Chaplaincy, Slums, and Water
Chaplaincy, Slums, and Water
Chaplaincy, Slums, and Water
by John Lange

I am chaplain to the Little Sisters of St. Francis in their Regional House and Spiritual Center in Kasarani, Nairobi. I am very happy in this work. The Sisters have been wonderful to me. They spoil me and I love it.

My duties, so far have been very light. Morning Mass from Monday Through Saturday. On Sunday the parish priest comes here for an outstation Mass. That leaves me free to continue my 8-year ministry in the Mukuru slums of Nairobi where I usually have two Masses.

During the week, I keep busy by visiting the slums and following-up on several development activities. In the slums I have 11 community health workers from 3 villages who double as social workers. Together we distribute vouchers for free medical care to the poorest of the poor who would otherwise have no medical care. We pay for about 140 people at 3 Church-run dispensaries and about 70 people at 4 mission hospitals. Our bill for an average month this year has been about $6000. There are 250,000 people in Mukuru slums.

As for the development projects, I am assisting 200 family farms in Kiganjo near Nyeri, in the Sagana Maganjo Water Irrigation Project. It is run by the people themselves. We have purchased 8 miles of pipes, have built three 50,000 gallon water storage tanks. We expect to see water coming out of the pipes in the farthest farm before the end of 2001. The big aim is to enable the farmers to finish-off the crops which almost make it in June. And to irrigate 1/4 an acre in the dry season where they can grow vegetables for retail.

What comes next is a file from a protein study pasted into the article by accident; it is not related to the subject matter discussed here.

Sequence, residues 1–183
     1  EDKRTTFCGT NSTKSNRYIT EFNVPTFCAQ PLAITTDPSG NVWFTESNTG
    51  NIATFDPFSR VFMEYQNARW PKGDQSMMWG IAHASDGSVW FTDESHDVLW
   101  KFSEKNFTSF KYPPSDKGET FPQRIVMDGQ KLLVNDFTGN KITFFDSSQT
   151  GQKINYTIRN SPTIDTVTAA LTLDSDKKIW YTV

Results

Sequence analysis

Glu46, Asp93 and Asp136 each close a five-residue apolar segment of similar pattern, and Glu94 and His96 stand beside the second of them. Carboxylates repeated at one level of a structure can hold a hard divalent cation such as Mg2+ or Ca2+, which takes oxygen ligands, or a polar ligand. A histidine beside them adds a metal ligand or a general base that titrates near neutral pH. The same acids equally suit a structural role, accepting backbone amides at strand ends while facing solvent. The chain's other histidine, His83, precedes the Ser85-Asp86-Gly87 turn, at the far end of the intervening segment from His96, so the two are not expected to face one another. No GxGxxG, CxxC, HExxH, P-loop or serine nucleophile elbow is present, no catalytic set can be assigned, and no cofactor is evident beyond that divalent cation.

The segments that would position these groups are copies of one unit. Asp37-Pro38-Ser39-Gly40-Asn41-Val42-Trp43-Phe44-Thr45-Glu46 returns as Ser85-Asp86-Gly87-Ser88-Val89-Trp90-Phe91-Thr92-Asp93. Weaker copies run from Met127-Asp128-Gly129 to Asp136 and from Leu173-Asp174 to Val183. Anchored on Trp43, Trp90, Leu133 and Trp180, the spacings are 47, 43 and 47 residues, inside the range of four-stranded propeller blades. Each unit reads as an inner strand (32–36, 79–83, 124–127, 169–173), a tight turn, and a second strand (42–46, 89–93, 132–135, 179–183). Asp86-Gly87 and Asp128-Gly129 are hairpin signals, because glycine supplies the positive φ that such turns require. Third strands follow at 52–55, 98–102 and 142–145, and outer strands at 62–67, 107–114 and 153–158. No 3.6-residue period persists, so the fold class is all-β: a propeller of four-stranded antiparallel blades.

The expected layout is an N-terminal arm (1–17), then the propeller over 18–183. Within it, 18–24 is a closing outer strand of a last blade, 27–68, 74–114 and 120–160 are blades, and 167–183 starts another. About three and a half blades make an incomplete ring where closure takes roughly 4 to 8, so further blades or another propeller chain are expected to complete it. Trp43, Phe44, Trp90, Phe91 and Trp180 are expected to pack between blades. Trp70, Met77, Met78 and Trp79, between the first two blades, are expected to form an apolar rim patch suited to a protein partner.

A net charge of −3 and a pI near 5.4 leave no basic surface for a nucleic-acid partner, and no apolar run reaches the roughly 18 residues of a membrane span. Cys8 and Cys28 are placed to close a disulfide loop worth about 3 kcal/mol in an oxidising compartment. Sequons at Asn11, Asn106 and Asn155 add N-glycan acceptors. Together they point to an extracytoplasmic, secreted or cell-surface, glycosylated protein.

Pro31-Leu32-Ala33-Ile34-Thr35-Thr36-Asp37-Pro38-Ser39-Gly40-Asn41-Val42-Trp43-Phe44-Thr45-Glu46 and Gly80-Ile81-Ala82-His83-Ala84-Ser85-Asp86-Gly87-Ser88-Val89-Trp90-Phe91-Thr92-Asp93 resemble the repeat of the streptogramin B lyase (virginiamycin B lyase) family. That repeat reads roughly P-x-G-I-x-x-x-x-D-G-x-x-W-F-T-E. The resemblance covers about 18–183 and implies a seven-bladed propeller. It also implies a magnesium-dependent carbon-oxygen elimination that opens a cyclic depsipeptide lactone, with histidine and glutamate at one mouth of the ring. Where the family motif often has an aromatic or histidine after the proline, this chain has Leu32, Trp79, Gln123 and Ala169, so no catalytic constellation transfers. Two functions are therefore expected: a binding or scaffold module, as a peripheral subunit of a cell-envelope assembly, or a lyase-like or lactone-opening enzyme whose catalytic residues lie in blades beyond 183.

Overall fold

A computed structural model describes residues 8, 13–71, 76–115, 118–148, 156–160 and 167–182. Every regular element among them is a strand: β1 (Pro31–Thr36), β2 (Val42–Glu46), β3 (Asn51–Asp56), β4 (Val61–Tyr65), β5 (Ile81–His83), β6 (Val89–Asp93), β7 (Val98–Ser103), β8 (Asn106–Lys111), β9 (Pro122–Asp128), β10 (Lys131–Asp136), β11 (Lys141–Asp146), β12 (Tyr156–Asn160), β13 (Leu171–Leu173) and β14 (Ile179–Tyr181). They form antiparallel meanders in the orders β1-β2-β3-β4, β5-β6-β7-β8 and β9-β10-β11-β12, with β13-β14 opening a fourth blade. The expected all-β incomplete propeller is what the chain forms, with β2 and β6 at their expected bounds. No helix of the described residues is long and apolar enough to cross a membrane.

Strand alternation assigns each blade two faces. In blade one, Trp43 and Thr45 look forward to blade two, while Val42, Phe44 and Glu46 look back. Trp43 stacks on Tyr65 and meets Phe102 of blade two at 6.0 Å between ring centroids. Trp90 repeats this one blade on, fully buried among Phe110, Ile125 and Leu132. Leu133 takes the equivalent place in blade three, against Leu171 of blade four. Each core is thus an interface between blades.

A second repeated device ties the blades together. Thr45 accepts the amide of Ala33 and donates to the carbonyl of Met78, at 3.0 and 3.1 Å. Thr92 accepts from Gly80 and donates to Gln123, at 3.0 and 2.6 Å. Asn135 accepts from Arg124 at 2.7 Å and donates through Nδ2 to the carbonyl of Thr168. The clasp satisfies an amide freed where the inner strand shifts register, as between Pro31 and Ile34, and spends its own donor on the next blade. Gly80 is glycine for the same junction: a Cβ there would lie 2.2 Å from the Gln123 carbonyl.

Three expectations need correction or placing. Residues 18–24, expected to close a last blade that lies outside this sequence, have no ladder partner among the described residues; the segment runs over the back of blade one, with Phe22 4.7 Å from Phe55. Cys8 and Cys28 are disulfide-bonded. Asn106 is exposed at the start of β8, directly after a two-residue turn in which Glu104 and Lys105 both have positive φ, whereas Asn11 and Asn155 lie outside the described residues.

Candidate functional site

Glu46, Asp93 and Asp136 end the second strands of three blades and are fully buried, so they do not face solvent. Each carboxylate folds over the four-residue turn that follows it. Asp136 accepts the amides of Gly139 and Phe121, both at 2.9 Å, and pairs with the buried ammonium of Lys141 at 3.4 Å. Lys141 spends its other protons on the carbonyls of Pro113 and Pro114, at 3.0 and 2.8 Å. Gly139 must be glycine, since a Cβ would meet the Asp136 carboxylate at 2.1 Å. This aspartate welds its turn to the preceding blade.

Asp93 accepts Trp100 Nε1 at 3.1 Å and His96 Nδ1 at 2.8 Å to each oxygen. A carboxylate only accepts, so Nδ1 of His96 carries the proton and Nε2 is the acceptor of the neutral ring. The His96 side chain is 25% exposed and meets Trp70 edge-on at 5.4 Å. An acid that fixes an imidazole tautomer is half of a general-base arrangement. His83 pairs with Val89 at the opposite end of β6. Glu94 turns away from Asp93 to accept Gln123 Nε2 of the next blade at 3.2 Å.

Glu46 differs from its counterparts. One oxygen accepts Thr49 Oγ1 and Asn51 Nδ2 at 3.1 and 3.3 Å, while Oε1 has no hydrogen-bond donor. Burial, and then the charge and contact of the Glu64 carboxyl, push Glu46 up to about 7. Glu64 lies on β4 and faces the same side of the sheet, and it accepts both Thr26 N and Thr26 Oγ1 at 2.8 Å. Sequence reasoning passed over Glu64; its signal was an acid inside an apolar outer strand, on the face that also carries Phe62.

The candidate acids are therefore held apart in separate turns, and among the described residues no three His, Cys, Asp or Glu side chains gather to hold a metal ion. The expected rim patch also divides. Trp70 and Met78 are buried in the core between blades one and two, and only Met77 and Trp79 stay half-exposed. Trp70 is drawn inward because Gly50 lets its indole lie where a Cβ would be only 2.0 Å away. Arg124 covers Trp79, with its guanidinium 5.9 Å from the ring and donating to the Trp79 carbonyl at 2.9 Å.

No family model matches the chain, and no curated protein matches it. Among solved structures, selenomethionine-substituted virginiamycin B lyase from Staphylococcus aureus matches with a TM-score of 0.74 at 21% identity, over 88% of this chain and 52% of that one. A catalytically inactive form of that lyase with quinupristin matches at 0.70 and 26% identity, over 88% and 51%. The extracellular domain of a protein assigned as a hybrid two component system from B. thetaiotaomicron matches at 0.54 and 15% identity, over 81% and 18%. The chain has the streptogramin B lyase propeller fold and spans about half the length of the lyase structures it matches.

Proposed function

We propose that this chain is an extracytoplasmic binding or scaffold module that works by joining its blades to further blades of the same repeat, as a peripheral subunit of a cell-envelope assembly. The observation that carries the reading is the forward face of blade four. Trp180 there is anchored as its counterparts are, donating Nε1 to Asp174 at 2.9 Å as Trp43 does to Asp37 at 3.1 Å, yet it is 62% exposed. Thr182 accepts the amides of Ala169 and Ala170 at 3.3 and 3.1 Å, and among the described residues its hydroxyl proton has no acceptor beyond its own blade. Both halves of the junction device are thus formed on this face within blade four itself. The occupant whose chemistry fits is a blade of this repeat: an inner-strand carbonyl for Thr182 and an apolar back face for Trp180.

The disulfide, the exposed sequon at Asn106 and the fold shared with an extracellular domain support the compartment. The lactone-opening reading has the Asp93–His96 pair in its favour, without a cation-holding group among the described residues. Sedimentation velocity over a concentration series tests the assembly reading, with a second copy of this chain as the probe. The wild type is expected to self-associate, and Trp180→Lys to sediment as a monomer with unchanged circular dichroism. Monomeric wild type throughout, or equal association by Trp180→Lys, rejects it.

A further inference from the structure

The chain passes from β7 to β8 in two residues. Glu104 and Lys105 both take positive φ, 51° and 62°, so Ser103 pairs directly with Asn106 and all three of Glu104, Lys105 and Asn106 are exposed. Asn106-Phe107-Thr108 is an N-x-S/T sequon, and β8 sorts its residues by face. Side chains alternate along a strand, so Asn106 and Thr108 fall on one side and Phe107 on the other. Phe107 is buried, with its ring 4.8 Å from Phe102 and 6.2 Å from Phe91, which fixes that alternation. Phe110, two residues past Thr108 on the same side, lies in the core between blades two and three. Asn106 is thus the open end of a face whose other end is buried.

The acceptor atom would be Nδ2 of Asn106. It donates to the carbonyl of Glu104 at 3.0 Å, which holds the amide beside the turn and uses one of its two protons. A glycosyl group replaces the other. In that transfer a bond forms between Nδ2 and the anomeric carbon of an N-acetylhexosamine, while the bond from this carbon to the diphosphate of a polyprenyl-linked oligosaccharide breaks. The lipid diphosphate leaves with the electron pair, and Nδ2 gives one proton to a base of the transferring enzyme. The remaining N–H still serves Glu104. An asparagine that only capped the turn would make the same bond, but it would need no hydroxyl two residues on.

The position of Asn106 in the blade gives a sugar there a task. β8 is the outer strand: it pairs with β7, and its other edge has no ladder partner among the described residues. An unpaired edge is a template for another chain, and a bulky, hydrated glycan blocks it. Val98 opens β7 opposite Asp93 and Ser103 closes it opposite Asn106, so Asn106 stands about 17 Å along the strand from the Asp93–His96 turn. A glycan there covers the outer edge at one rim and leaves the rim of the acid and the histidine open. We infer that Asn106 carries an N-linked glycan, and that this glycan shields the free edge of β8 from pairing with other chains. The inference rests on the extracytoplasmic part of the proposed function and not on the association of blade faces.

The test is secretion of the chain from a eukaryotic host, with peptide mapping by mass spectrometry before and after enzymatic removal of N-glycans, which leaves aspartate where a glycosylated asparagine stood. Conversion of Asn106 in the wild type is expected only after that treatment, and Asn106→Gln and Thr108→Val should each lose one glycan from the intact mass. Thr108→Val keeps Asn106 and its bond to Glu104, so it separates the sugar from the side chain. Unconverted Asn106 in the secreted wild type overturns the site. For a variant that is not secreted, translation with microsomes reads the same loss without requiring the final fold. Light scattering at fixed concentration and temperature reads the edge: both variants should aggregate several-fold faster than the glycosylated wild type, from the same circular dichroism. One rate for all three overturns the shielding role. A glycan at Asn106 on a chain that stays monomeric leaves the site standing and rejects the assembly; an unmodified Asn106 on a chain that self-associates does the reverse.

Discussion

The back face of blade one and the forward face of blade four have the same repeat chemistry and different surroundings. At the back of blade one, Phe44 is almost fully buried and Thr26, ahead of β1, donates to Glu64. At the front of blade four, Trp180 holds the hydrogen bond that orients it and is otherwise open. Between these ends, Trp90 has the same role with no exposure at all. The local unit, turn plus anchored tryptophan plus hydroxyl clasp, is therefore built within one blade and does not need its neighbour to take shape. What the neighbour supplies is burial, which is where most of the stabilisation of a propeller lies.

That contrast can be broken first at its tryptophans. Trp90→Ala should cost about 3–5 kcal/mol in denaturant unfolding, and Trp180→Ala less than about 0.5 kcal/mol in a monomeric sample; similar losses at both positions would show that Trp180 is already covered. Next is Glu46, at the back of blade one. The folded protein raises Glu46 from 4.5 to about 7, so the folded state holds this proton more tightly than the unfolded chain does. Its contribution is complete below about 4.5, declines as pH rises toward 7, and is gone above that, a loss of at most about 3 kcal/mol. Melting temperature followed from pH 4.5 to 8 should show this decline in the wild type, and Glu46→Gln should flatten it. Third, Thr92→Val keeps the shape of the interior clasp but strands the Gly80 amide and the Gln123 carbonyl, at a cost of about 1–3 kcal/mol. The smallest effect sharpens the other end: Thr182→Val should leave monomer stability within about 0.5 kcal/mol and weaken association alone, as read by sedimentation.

I have helped the Assumption Sisters of Kibagare in Nairobi to get a borehole, pump and power unit for pumping the water. They have 1000 boarding students in their grade and high school and feed several hundred children from the neighborhood each day. They need a lot of water and are really struggling. People in the Mua Hills are waiting in the wings for me to finish these projects. They have boreholes from the British Colonial times which they want to revive so they can get water for human need and their animals. It's a very dry area and they are really struggling to get water this year.

Help John bring water to the people, Click here to visit his most recent development projects

Learn more about John's Ministry              Read John's Christmas Letter 2005

Read about John's Latest Water project in Maryknoll Magazine

John's Biography             John's Reflections

     View the Photo Album of John's Ministries    

John may be contacted by Email at:   JLange@Maryknoll.org

Maryknollers in Nairobi, Kenya


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